Tell your doctor immediately if any of these unlikely but serious side effects occur: yellowing eyes/skin.

Seek immediate medical attention if any of these rare but serious side effects occur: symptoms of a heart attack (such as chest/jaw/left arm pain, shortness of breath, unusual sweating), easy bruising/bleeding, persistent nausea/vomiting, stomach/abdominal pain, dark urine, decrease in the amount of urine.

Indinavir may cause kidney stones. Tell your doctor immediately if you have symptoms such as side or mid-back pain, pink/bloody urine, or pain with urination.

This medication may infrequently make your blood sugar level rise, which can cause or worsen diabetes. Tell your doctor immediately if you develop symptoms of high blood sugar such as increased thirst and urination. If you already have diabetes, check your blood sugar levels regularly. Your doctor may need to adjust your diabetes medication, exercise program, or diet.

Changes in body fat may occur while you are taking this medication (such as increased fat in the upper back and stomach areas, decreased fat in the arms and legs). The cause and long-term effects of these changes are unknown. Discuss the risks and benefits of treatment with your doctor, as well as the possible use of exercise to reduce this side effect.

A very serious allergic reaction to this drug is rare. However, seek immediate medical attention if you notice any symptoms of a serious allergic reaction, including: rash, itching/swelling (especially of the face/tongue/throat), severe dizziness, trouble breathing.

This is not a complete list of possible side effects. If you notice other effects not listed above, contact your doctor or pharmacist.

In the US -

Call your doctor for medical advice about side effects. You may report side effects to FDA at 1-800-FDA-1088.

In Canada - Call your doctor for medical advice about side effects. You may report side effects to Health Canada at 1-866-234-2345.

Precautions

Before taking indinavir, tell your doctor or pharmacist if you are allergic to it; or if you have any other allergies. This product may contain inactive ingredients, which can cause allergic reactions or other problems. Talk to your pharmacist for more details.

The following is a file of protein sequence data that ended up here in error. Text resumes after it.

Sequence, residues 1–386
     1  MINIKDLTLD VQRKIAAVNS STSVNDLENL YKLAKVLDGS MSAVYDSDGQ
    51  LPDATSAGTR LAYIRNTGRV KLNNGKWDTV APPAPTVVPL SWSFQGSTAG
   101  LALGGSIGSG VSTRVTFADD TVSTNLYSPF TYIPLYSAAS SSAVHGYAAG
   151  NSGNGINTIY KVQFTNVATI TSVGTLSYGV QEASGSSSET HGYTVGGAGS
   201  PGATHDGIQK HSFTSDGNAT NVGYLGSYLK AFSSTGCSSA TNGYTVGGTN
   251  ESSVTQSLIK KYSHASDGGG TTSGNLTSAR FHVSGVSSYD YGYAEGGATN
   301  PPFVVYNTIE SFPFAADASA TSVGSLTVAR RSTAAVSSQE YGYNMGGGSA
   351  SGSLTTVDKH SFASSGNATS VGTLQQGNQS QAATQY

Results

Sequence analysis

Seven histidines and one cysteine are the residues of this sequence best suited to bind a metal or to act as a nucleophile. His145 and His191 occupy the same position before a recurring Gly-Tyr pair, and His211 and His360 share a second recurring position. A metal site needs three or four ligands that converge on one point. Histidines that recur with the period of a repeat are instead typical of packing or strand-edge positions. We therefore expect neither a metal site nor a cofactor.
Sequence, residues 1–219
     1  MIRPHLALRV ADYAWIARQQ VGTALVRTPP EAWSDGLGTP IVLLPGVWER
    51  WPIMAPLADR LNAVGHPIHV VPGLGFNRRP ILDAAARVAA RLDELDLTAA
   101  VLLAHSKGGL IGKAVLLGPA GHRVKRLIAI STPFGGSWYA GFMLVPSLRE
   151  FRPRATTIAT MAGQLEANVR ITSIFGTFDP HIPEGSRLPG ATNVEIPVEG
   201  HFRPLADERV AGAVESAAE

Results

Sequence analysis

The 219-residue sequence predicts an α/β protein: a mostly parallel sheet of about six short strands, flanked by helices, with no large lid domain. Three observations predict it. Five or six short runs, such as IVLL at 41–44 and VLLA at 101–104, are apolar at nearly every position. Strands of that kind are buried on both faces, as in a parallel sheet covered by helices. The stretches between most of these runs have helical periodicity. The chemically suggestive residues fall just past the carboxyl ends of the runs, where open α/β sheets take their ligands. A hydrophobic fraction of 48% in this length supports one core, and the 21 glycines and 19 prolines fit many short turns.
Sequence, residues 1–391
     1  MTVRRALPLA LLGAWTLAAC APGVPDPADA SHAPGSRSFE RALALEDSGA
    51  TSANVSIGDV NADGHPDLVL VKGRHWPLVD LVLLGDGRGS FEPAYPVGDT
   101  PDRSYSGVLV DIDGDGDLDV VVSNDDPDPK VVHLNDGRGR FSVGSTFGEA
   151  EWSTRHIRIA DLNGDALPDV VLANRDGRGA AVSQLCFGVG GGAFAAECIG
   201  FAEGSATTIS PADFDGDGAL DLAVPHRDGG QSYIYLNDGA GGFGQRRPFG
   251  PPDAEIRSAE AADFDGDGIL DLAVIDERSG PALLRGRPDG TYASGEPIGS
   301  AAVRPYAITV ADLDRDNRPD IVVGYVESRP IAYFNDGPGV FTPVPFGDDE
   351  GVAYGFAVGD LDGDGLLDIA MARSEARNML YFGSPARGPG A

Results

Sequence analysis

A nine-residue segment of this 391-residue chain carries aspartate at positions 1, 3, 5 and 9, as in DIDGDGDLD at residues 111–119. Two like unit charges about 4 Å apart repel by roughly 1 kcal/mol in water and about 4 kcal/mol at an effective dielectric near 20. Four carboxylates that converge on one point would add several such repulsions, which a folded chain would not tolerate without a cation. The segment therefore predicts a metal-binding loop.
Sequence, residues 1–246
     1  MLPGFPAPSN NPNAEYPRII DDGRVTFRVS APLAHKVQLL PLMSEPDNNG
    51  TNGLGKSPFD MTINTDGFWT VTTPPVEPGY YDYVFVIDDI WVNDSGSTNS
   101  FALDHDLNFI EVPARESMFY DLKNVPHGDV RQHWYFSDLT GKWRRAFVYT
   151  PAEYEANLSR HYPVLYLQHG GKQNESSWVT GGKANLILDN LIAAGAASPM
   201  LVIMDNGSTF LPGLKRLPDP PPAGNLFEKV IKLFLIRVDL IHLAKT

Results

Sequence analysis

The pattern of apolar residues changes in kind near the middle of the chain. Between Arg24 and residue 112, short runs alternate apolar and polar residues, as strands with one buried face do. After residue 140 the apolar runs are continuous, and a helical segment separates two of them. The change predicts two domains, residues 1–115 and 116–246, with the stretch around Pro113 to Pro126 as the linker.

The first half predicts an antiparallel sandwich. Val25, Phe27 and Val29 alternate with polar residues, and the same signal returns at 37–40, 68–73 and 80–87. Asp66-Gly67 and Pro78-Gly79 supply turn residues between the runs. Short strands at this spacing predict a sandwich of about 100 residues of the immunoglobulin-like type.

Before using this medication, tell your doctor or pharmacist your medical history, especially of: high blood fat levels (cholesterol/triglycerides), diabetes, hemophilia, kidney problems (including kidney stones), heart problems (coronary artery disease, heart attack), liver problems.

Before having surgery, tell your doctor or dentist about all the products you use (including prescription drugs, nonprescription drugs, and herbal products).

Children may be more sensitive to the side effects of this drug, especially effects on the kidney (such as kidney stones).

During pregnancy, this medication should be used only when clearly needed. However, it is now normal to prescribe HIV medicines for pregnant women with HIV. This has been shown to decrease the risk of giving HIV to the baby. Indinavir may be part of that treatment. Discuss the risks and benefits with your doctor.

It is unknown if this medication passes into breast milk. Because breast milk can transmit HIV, do not breast-feed.

Interactions

The effects of some drugs can change if you take other drugs or herbal products at the same time. This can increase your risk for serious side effects or may cause your medications not to work correctly. These drug interactions are possible, but do not always occur. Your doctor or pharmacist can often prevent or manage interactions by changing how you use your medications or by close monitoring.

To help your doctor and pharmacist give you the best care, be sure to tell your doctor and pharmacist about all the products you use (including prescription drugs, nonprescription drugs, and herbal products) before starting treatment with this product. While using this product, do not start, stop, or change the dosage of any other medicines you are using without your doctor's approval.

Some products that may interact with this drug include: amiodarone, atazanavir, certain benzodiazepines (alprazolam, midazolam, triazolam), conivaptan, eletriptan, ergot alkaloids (such as dihydroergotamine, ergonovine, ergotamine, methylergonovine), pimozide, ranolazine, rifampin, certain "statin" cholesterol drugs (lovastatin, simvastatin), St. John's wort.

Other medications can affect the removal of indinavir from your body, which may affect how indinavir works. Examples include rifabutin, venlafaxine, certain anti-seizure drugs (carbamazepine, phenytoin, phenobarbital), certain azole fungal medications (ketoconazole, itraconazole), among others.